Every year, giant balloons, floats, and marching bands parade through New York City for the annual Macy’s Thanksgiving Day Parade. Performers dance, twirl, and sing, altogether putting on a great show. The celebrity line-up is always impressive.
Around the country, people are familiar with this famous Thanksgiving Day parade. Usually they see it on TV when the turkey is in the oven and they’re thinking about mashing the sweet potatoes.
If this is what comes to mind when you think of the Macy’s parade, you’re not alone – about 50 million people watch the parade each year. It is televised live annually on NBC.
Watching the parade on TV is great, but if you are willing to brave the cold and the crowds, you can experience it first-hand.
Going to the parade is sure to make your Thanksgiving memorable and put you in the holiday spirit. The parade is free. No tickets are sold to this event – you just show up. The earlier the better!
Despite the fact that the parade takes place on Thanksgiving, it is very Christmas-themed, with Santa and his reindeer bringing up the rear. The parade effectively marks the start of the Christmas season in New York City. In fact, it was originally known as the “Macy’s Christmas Parade”. The parade is always fun, festive, and family-oriented.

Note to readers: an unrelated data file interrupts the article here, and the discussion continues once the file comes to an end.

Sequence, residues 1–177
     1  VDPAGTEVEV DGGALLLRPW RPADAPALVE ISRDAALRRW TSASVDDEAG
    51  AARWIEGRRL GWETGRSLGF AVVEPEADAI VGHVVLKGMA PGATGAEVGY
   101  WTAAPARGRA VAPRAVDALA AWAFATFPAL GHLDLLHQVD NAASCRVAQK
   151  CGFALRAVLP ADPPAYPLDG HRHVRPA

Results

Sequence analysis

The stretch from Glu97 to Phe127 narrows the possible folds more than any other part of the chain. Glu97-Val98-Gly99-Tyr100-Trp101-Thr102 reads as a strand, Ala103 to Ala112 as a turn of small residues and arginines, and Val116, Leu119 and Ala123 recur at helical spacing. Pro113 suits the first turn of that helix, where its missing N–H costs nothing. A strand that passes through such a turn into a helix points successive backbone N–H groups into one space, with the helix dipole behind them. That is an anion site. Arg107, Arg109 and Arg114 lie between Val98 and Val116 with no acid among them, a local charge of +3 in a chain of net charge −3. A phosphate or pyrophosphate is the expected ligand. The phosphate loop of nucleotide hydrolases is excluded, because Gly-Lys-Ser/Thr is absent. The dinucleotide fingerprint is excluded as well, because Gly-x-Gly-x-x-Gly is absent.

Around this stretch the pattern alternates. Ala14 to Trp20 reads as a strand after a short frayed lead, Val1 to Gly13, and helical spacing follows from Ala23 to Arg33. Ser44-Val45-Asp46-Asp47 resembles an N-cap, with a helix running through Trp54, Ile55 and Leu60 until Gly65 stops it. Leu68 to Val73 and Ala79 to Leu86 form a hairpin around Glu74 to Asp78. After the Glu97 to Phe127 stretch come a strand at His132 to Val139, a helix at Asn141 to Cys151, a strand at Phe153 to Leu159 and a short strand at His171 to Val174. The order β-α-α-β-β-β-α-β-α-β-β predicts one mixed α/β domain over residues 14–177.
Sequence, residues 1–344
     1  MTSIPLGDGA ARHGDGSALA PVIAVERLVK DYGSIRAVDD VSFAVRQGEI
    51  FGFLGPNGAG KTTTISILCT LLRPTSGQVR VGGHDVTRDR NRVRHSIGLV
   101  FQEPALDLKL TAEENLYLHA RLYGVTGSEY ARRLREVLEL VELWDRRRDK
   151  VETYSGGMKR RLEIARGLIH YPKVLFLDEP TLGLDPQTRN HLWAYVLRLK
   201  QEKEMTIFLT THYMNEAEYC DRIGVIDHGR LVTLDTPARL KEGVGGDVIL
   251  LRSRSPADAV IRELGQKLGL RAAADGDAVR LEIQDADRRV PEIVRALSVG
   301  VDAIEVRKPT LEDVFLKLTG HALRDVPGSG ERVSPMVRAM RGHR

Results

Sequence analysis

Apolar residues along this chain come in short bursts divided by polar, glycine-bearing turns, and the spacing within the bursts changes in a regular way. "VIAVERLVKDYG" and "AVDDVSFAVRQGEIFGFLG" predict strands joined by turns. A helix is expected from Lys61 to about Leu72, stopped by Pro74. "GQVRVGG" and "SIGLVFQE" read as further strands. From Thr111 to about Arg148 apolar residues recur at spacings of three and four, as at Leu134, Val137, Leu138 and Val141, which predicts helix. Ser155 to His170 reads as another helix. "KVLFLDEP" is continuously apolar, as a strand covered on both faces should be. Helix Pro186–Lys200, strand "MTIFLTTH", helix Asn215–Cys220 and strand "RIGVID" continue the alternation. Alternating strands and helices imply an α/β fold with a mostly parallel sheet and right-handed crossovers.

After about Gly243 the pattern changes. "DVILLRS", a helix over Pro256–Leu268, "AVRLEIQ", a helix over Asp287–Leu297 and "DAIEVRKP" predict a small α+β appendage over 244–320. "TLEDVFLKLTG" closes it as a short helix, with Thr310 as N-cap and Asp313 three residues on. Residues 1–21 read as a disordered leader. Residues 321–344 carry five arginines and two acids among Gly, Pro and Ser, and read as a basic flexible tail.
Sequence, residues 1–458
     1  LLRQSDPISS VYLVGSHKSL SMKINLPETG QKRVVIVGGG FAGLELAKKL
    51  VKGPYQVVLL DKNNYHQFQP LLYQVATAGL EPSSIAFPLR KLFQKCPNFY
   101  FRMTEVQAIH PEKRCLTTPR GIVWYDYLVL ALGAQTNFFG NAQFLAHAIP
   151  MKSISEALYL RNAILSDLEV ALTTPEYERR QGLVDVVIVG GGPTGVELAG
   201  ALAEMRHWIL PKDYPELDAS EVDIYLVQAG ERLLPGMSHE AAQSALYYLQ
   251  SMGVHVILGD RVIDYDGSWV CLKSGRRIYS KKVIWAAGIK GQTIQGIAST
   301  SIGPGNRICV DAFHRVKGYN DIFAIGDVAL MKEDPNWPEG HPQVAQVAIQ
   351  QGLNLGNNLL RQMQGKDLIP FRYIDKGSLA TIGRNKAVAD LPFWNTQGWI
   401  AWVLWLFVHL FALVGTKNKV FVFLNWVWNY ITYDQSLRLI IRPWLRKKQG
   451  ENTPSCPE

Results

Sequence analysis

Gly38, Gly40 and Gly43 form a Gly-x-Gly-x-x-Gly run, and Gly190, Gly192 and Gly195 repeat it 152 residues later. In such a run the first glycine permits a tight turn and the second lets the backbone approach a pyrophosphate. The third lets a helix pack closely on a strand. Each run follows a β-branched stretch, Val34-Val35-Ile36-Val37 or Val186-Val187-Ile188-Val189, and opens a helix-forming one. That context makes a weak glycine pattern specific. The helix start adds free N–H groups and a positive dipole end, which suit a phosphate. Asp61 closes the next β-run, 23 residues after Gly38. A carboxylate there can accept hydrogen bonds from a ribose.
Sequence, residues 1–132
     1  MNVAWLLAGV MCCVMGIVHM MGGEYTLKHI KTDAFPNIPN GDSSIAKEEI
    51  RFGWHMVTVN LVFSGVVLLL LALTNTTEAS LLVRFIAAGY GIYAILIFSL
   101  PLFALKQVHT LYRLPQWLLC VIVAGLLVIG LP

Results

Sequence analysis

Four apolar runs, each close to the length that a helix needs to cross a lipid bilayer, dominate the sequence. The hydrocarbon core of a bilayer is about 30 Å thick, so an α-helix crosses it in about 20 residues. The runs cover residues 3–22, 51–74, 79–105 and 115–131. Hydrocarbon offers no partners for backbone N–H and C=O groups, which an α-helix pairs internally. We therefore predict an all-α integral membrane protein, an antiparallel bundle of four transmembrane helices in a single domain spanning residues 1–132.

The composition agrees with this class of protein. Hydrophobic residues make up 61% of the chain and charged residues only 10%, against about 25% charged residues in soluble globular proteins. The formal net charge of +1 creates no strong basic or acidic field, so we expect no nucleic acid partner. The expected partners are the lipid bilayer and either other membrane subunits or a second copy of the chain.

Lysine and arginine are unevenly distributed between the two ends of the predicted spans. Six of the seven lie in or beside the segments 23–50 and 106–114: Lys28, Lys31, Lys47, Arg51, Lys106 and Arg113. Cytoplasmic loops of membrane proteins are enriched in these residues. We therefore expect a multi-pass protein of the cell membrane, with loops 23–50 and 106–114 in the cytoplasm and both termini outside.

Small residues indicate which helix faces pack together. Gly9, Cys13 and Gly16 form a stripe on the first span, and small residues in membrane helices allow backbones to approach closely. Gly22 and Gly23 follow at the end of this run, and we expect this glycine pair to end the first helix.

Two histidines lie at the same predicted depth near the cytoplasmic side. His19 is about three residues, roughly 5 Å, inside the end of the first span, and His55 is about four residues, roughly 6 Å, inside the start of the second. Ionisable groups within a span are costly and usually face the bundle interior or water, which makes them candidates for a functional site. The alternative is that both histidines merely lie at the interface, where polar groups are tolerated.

The 2013 parade route offers two and a half miles of public viewing.
The parade starts at Central Park West and 77th Street at 9 a.m. From there, it goes south, winding around the southwest corner of Central Park and then heading down Sixth Avenue.
The parade ends in Herald Square, in front of the flagship Macy's department store.
Falloon: A combination of a balloon and parade float.
Balloonicle: A balloon vehicle.
1. The parade takes place rain or shine. Bring warm clothes as the weather in late November can be cold, especially early in the morning. Wear layers and bring blankets.
2. Folding chairs are not allowed.
3. It will be very crowded. Arrive early for a good viewing spot. Some people camp out but there are still decent spots available if you arrive by 6 a.m.
4. Parade veterans recommend viewing up near Central Park. The crowds get thicker the closer you get to Herald Square.
For more information, visit the Macy's Thanksgiving Day Parade Website: social.macys.com
You don't have to go to the parade to see the giant floats in person. The balloons are inflated the day before the parade at Columbus Avenue and 77th Street, near American Museum of Natural History. The public viewing is from 3 p.m. to 10 p.m. on the Wednesday before the parade. This event can also be very crowded.